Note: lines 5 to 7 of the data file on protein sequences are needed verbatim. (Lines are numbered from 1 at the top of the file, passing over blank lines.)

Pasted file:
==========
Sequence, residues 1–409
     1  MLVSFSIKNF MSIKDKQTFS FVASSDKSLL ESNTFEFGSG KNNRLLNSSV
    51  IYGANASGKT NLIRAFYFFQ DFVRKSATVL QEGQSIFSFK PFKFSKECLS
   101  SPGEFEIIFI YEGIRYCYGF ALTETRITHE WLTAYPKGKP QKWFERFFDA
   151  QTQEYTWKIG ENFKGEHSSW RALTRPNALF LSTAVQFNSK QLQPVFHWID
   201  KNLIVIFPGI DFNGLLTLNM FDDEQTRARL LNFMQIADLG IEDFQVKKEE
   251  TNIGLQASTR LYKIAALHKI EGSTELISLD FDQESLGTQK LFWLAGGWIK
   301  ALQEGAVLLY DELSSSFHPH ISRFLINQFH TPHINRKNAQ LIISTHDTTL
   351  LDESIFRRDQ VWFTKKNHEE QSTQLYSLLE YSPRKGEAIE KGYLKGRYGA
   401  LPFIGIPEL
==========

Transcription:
   151  QTQEYTWKIG ENFKGEHSSW RALTRPNALF LSTAVQFNSK QLQPVFHWID
   201  KNLIVIFPGI DFNGLLTLNM FDDEQTRARL LNFMQIADLG IEDFQVKKEE
   251  TNIGLQASTR LYKIAALHKI EGSTELISLD FDQESLGTQK LFWLAGGWIK